Hard-throwing reliever Ronald Belisario, shown in 2010, made his 2012… (Bret Hartman / For The Times )
Yeah, right, there’s an outcome you’d best not tie your little playoff hopes to. The one thing Ronald Belisario has been the past two years is completely unreliable.
He’ll always have 2009, when he was an absolute stud (2.04 ERA, .201 opponent batting average), but since then he’s been all over the map, though largely in his native Venezuela.
There was a DUI arrest and visa problems, a trip to the restricted list for substance-abuse treatment, a positive cocaine test and more visa problems, and a 25-game suspension to start the season. Meanwhile, when last seen in 2010, his ERA had ballooned to 5.04.
He returned from his suspension Saturday, and for one inning on one afternoon, looked an awful lot like the 2009 version.
“His stuff has never really been in question,” said Manager Don Mattingly. “If he's throwing like that, it's a big bonus for us.”
The timing of his return is not lost on anyone following the Dodgers’ recent bullpen exploits, which is to say, it’s in need of some help. The bullpen's been uneven but has particularly struggled of late.
Overall, the Dodgers’ rotation has been impressive and has the No. 2 ERA in the majors at 2.99. Alas, the bullpen comes in 22nd with a 4.38 ERA. As Jon Weisman noted at Dodger Thoughts, five of the Dodgers’ last eight losses have come in the domain of the bullpen, in the ninth or 10th inning.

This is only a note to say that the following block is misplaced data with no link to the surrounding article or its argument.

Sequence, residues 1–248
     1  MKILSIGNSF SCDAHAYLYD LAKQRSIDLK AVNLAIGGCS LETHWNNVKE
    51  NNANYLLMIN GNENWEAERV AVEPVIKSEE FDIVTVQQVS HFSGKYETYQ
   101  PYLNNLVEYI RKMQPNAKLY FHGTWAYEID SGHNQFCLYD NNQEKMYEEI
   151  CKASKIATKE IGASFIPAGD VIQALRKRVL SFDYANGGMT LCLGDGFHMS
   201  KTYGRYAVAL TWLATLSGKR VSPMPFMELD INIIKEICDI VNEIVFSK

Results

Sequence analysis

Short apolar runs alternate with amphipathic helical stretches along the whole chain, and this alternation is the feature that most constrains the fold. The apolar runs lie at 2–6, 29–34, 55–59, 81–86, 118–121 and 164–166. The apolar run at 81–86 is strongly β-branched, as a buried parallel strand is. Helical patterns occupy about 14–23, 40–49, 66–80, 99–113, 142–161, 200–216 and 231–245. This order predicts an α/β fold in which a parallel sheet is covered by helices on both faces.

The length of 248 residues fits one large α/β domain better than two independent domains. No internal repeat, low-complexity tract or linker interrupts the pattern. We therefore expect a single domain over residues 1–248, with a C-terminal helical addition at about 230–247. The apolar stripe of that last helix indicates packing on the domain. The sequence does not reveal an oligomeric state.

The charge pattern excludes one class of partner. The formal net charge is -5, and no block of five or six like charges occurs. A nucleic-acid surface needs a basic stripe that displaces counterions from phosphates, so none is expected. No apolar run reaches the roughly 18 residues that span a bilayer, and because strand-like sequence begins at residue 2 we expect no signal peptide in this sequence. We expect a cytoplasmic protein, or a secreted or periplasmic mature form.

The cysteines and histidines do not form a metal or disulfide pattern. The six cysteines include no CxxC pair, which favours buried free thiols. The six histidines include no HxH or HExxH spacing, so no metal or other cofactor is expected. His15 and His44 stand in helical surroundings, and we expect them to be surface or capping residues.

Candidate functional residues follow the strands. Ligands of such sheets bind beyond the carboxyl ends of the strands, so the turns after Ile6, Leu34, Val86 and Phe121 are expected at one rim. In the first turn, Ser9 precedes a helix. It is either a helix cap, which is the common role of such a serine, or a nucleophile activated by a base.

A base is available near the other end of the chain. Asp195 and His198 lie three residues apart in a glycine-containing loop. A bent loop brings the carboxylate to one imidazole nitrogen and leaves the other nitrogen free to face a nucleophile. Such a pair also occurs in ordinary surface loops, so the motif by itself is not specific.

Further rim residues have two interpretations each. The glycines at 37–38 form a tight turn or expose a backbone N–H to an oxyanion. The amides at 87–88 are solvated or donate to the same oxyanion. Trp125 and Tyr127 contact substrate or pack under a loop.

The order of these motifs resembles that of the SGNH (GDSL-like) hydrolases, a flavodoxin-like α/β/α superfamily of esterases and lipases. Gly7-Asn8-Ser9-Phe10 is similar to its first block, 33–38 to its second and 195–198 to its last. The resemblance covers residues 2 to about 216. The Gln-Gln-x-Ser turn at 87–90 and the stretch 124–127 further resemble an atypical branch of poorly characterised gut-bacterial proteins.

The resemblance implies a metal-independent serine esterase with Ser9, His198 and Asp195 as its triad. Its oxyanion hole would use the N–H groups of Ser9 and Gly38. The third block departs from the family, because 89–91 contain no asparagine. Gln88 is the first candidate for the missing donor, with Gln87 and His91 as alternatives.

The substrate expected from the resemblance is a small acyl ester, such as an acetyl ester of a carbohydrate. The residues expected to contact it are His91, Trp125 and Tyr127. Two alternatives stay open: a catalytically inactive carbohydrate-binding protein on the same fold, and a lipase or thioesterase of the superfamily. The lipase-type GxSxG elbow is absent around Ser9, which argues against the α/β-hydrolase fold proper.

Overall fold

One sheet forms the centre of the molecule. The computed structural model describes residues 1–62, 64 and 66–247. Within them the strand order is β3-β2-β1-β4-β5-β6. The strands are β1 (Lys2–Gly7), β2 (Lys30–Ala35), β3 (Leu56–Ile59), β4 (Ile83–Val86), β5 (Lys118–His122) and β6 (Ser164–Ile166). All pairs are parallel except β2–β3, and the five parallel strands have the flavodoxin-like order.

Though everyone in the bullpen has had rough stretches, most of the trouble has originated with Mike MacDougal (7.94 ERA), Todd Coffey (13.50, but in only 2 2/3 innings) and Scott Elbert (6.75). MacDougal’s struggles cost him and he was designated for assignment to make room for Belisario. Elbert, the only lefty in the bullpen, has allowed left-handed hitters to bat .429 (6 for 14).
If Belisario has grown up, become focused and really returned to form, it could prove one timely addition. Time will tell, of course. Meanwhile, it’s simply not something the Dodgers can count on.
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